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Arts-Based Programming Supports Aging in Place

Image of a three story multifamily apartment building.The Olivera Senior Apartments in Pomona, California, provide 84 units of affordable housing to people aged 62 and older earning between 30 and 60 percent of area median income. Credit: John Bare

Socially focused programming and amenities are providing people aged 62 and older an affordable opportunity for vibrant aging at the Olivera Senior Apartments in Pomona, California. Although many of the project’s physical aspects — including a community garden, bocce court, dog park, dining terrace, and communal barbecue as well as a large club room, fitness center, and computer room — are designed to promote community among residents, it is the development’s abundant social programming that is ensuring that those spaces are maximizing their potential. In the wake of studies showing both the dangers of isolation and the benefits of arts-based engagement for maintaining seniors’ vitality, Integrity Housing has partnered with the nonprofit EngAGE to ensure a wide variety of activities to keep residents active.

Housing for Pomona’s Seniors

California state law requires local governments to incorporate elements into their general plans that address the housing needs of everyone living in their communities. For Pomona, data from the Southern California Association of Governments’ Regional Housing Needs Assessment, which encourages a regional approach to development, indicated recent growth in the senior population. The city’s 2013 General Plan reflected this demographic shift, highlighting the need for age-specific housing and paving the way for the Olivera development.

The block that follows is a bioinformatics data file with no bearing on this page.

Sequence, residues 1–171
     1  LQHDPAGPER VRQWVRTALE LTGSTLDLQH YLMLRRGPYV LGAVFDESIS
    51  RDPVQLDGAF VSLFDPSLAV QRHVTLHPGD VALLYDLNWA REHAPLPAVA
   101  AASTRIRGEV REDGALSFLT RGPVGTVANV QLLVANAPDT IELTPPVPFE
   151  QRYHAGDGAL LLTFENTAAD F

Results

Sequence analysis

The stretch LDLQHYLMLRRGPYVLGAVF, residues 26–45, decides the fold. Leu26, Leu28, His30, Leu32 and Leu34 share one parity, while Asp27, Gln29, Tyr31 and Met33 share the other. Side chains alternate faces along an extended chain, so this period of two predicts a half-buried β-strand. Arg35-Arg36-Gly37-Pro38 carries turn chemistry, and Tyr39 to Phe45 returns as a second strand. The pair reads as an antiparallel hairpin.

The project consists of 84 units, representing a 7 percent increase in the total senior housing in Pomona as of 2013. Completed and fully occupied by October 2017, Olivera is serving tenants earning a range of incomes, with 9 units set aside for residents earning up to 30 percent of the area median income (AMI), 17 units for residents earning up to 40 percent of AMI, 34 units for residents with incomes at or below 50 percent of AMI, and 23 units for those earning no more than 60 percent of AMI. Five of the total units are set aside for veterans receiving rental and service support through HUD-Veterans Affairs Supportive Housing vouchers. The project repurposed a vacant lot in a neighborhood characterized by a mix of single-family homes, multifamily properties, a mobile home park, and a small retail center. Nearby public transit helps residents without cars access neighborhood amenities.

Image of tables and chairs in a room with large windows.Built with community in mind, developer Integrity Housing included a variety of spaces to accommodate group programming for residents in the design. The arts and crafts room provides a location for some of the activities run by EngAGE, Integrity’s nonprofit partner managing Olivera’s many social programs. Credit: John Bare

The units feature granite countertops, carpeting in the bedrooms, vinyl plank flooring, and balconies in some units. Energy-efficient construction processes and appliances helped Olivera earn Gold certification from the GreenPoint Rated program. Although most of the apartments are one-bedroom units, one unit has a second bedroom. The $19 million project was financed primarily through the sale of 9 percent low-income housing tax credits along with funds from the Federal Home Loan Banks’ Affordable Housing Program. Integrity Housing, the developer, built Olivera ahead of schedule and under budget.